Friday, September 21, 2007


Last night at the wine tasting I had a pretty good line-up, so I dutifully poured for the customers, chatted with regulars, and did my best to explain the virtues of the wines. (Which is incredibly easy to do when you are pouring Langmeil.)

A few minutes after the tasting started, the owner emerged from the back of the store with another bottle.

"Here, try this," he said pointing the neck towards my tasting glass.

"What is it?"

"Oh, just something I found in my cellar at home and realized it was time to drink. So I brought it in."

I snuck a look at the label. 1990 Silver Oak Cabernet Sauvignon.

For the next hour and a half I watched as his customers' eyes lit up when they were done with my tasting and he offered them a sip of his treat. Many of these people have never had a chance to taste the legendary Silver Oak, and come on, how many of us get to taste a vintage that old very often? Not me.

The wine was definitely showing its age. The hue was a burnt red, and the flavors weren't dancing in the glass like they might have five years ago, but no one cared. We all oooh-ed and aaah-ed, smiled at each other and marveled at our random luck of the evening.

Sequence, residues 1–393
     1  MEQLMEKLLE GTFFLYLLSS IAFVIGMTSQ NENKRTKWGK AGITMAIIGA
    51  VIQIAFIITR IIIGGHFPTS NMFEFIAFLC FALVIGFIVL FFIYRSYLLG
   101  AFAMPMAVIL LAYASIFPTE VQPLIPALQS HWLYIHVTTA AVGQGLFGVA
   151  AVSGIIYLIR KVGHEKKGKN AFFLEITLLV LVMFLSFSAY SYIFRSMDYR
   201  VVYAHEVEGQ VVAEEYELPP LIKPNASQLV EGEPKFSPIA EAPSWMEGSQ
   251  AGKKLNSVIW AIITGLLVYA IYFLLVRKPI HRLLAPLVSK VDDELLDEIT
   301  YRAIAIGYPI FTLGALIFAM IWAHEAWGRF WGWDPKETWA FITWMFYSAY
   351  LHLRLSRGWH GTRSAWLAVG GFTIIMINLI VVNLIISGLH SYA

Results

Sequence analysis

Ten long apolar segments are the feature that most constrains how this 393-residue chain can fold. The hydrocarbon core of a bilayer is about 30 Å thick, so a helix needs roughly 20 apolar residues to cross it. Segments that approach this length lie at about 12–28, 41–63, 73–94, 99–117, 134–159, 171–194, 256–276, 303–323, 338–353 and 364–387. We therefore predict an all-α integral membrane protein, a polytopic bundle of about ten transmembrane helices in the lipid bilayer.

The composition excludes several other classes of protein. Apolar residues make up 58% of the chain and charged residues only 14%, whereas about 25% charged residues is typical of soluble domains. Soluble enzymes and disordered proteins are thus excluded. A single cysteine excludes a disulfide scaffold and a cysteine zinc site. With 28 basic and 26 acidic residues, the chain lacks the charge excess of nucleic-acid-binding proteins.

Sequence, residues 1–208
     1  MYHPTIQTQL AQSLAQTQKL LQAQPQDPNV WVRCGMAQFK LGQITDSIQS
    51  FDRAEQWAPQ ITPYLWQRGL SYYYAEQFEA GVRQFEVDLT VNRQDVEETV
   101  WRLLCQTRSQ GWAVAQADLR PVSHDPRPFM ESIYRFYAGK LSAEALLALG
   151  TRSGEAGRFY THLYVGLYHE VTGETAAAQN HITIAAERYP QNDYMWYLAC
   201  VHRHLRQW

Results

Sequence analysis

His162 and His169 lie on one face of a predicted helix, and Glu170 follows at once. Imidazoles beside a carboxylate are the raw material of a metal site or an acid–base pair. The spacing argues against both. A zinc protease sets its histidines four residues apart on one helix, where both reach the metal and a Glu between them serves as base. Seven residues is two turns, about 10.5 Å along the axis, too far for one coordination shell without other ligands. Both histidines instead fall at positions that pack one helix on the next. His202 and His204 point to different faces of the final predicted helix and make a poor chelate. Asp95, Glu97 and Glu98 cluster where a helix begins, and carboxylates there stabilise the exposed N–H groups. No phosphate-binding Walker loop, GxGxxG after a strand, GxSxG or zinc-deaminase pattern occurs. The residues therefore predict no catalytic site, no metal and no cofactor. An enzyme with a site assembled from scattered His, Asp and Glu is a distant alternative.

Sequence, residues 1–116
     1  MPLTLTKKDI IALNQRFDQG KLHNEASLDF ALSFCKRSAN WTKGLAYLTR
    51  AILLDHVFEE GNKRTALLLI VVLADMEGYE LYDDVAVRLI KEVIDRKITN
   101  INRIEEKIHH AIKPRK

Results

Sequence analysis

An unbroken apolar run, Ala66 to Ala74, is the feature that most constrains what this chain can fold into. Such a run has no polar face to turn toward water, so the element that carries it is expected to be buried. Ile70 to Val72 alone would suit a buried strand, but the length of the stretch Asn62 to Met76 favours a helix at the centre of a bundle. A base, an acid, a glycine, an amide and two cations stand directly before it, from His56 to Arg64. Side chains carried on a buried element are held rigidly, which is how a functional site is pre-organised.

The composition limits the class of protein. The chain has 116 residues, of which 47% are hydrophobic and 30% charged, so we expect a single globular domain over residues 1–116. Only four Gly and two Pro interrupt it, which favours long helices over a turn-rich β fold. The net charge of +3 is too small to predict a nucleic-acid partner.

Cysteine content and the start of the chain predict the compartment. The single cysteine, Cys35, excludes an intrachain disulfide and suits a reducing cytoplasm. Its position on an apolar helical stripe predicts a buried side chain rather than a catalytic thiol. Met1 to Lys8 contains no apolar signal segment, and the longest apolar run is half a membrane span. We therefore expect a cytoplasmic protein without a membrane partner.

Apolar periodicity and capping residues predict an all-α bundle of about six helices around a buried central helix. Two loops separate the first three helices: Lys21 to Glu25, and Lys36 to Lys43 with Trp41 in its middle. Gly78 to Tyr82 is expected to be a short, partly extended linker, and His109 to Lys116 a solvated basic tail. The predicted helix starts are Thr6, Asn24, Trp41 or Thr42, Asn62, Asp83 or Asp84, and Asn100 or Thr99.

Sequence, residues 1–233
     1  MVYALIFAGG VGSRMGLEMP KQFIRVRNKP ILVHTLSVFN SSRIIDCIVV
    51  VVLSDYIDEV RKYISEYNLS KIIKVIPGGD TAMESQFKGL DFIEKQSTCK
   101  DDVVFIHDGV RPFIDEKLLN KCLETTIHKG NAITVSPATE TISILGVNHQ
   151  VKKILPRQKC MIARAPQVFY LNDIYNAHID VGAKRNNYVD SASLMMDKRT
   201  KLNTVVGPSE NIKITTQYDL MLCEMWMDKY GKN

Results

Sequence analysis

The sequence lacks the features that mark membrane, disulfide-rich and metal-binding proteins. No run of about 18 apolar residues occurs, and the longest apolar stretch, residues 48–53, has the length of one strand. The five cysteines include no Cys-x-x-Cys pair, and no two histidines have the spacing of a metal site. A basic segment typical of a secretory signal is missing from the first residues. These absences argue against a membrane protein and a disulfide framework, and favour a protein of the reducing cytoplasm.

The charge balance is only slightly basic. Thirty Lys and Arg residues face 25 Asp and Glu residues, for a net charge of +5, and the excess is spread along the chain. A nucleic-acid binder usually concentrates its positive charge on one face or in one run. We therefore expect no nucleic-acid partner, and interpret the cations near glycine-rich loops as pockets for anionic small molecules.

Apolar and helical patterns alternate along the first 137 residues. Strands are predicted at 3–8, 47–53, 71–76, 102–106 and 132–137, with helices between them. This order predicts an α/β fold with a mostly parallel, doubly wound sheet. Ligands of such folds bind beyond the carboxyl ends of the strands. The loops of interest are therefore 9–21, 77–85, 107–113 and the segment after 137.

As I swirled my glass, I looked around and made a point to drink in the scene.

Because this is why I'm in the wine industry. People who are truly into wine love to share. He wasn't trying to sell it. He simply wanted people to share in the experience with him.

This is why people come into his store. Because he is a quiet, unassuming man who loves wine and is always offering great things to his customers, whether it is a knockout $9 Spanish white, the perfect Chateauneuf to go with Thanksgiving dinner, a Wine 101 class, a gorgeous $15 Australian Shiraz, or just a sip of a legendary wine from his own collection. People who are wine snobs and wine novices are all comfortable around him, and trust what he is saying.

So as the late afternoon slipped into an early fall evening, and the strangers who were in the store dug noses into glasses, we breathed a collective sigh of content and bonded with our good fortune.

And that feeling of random luck and shared generosity is why I do it. This is what the wine industry is all about.


Post a Comment

Subscribe to Post Comments [Atom]

<< Home